Coming Changes To LinkedIn Skills & Endorsements On The Desktop User Interface


LinkedIn wrote about changes to Skills and Endorsements back in October. They  started rolling out these changes to the mobile app in late October. They will be enabled on the new User Interface that desktop users are starting to see too. Here’s what’s different and what it may mean.

1) Endorsements are now personalized to each person who visits your profile

For example, skills endorsed by mutual connections, colleagues and people  LinkedIn figures are experts at that skill will be highlighted.   

It looks like LinkedIn has a found a sneaky way to fight “endorsement stockpiling.” You may have 99 endorsements for strategy, but LinkedIn may only show the 13 of them that LinkedIn thinks are relevant to that viewer.

2) LinkedIn will use algos to find close connections who can validate your skills.

In their October 26 announcement, LinkedIn says they they will “improve targeting for suggesting endorsements so that the connections who know your work best can validate your skills.”

Previously, LinkedIn suggested people to endorse in a seemingly random manner with a generic “what does Fred know about <skill>” type message. It now appears LinkedIn is going to look for people you are close to, and suggest you endorse those people for their skills.  

In theory, this makes sense, as I am more likely to endorse someone I actually do know really well versus one of my more speculative connections.

On the other hand, LinkedIn may figure out “connections who know your work best” by using something like the Connection Strength Score, which has not been very helpful for Notifications.

3) There is a definite link between skills / endorsements and LinkedIn search results.

While this has been implied in the past, this is the first concrete proof I have seen  that Skills are taken into consideration in search results. As LinkedIn says in the announcement, “Endorsements help ensure you are more likely to be discovered through search.”

Note that “more likely to be discovered” means you will be included in the search results. It does not necessarily mean you will rank near the top in the search results.

4) LinkedIn will now suggest skills you should add “based on your profile”

This may be based on seeing you use a keyword like “Strategy” in your Summary and then suggesting you list “Strategy” as a skill. Or this may just be a sneaky way for LinkedIn to advertise LinkedIn Learning courses which would teach you that skill you should add.

5) Endorsements are still used primarily by recruiters and HR people

This come through in the wording in LinkedIn’s announcements – things like “more than a third of hiring managers spend more than 60 seconds browsing your skills and endorsements” – you can see that Endorsements are still thought of by LinkedIn as a tool for hiring.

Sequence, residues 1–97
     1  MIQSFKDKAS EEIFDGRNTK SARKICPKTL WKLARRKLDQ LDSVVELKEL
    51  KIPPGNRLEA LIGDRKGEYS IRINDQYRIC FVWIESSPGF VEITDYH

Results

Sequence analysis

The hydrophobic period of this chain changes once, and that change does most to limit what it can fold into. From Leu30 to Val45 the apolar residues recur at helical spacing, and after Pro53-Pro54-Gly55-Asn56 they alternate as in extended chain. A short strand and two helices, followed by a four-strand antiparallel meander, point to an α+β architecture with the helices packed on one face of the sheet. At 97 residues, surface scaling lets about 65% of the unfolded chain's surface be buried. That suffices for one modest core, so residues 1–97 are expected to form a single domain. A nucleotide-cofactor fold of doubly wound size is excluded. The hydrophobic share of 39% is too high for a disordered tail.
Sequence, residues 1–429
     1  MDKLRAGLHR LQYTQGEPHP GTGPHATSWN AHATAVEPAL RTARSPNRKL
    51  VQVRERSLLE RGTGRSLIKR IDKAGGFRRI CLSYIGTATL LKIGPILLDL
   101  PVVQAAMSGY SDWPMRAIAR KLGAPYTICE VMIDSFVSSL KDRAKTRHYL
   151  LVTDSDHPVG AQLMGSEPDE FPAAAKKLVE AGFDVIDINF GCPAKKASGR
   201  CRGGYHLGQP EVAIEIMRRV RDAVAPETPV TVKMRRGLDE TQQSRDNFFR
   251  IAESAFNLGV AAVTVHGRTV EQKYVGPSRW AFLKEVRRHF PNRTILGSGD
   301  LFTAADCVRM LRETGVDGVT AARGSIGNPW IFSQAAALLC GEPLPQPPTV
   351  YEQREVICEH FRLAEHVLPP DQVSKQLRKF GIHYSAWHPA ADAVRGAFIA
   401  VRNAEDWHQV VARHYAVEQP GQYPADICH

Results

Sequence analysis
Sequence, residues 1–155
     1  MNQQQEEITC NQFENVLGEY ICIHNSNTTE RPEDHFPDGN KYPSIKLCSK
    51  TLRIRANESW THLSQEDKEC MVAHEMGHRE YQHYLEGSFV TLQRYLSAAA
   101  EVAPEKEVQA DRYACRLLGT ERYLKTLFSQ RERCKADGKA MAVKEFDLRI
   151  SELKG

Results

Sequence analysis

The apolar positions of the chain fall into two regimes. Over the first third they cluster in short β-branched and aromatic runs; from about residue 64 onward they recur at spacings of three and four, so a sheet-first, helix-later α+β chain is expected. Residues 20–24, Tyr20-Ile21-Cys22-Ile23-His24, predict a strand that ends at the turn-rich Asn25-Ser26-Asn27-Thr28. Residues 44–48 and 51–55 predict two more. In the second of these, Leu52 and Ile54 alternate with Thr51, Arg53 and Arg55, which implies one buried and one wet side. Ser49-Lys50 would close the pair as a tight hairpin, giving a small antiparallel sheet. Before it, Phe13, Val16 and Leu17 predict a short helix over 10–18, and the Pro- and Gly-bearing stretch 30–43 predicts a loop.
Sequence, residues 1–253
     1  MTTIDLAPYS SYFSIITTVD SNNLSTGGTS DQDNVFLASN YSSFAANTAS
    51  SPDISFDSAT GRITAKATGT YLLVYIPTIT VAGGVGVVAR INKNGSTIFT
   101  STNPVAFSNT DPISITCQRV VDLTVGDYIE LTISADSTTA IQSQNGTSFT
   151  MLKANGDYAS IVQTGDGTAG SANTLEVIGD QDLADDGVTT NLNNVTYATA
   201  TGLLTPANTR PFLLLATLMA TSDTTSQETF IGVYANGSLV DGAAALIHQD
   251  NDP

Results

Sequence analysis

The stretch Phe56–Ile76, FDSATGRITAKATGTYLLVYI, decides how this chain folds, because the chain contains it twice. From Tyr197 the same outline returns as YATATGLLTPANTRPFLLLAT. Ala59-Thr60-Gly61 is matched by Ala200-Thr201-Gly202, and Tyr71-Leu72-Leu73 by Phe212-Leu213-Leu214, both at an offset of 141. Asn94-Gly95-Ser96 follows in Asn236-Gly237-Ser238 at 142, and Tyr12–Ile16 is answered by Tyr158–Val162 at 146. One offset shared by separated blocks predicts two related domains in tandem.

But that doesn’t mean the rest of us can’t use them for our own purposes. In particular, I have found that Skills and Endorsements are a great place for STEM people to list things like programming languages and technologies they are conversant with.

So what does this all mean? It looks like Skills and Endorsements are here to stay. I think if LinkedIn really was interested in helping us users, they would be putting the same effort into Recommendations. But while Skills and Endorsements help LinkedIn users somewhat, they sure seem to help LinkedIn more, providing “hooks” for Sales Navigator and Recruiting people to use, and possibly helping to sell Learning courses.  

Of course, the actual appearance of all this new Skills and Endorsements  functionality is dependent upon the new desktop user interface rollout, which at present, doesn’t seem to be rolling very quickly.

 

LinkedIn Endorsements Have Become Important. There’s A Lesson Here

wine glassesSometimes what LinkedIn does now doesn’t make sense till later

Way back when Skills and Endorsements were introduced (yes, they were announced in late September, 2012), I did it myself. I wrote about the Facebook-ization of LinkedIn. Endorsements were frivolous. Recommendations were for serious LinkedIn users and Endorsements were just fluff, confetti to be tossed around and easily gamed. I was one of many people that dismissed it as a poorly thought out attempt to increase engagement on the LinkedIn platform.

Fast forward to the present: LinkedIn released the new version of their Recruiter platform in Q1 2016. This is LinkedIn’s flagship product, responsible for more revenue than any other, and maybe more revenue than ALL of LinkedIn’s other products put together. You have to think that the product managers at LinkedIn invest a lot of time and effort in figuring out how to improve this product for their most important customers. The new version of Recruiter has filters where users  can look for LinkedIn Profiles with specific skills – those same skills we laughed at three years ago.

If you are a job hunter, either actively looking or passively open to receiving  offers, Skills and Endorsements just became an important part of your LinkedIn profile.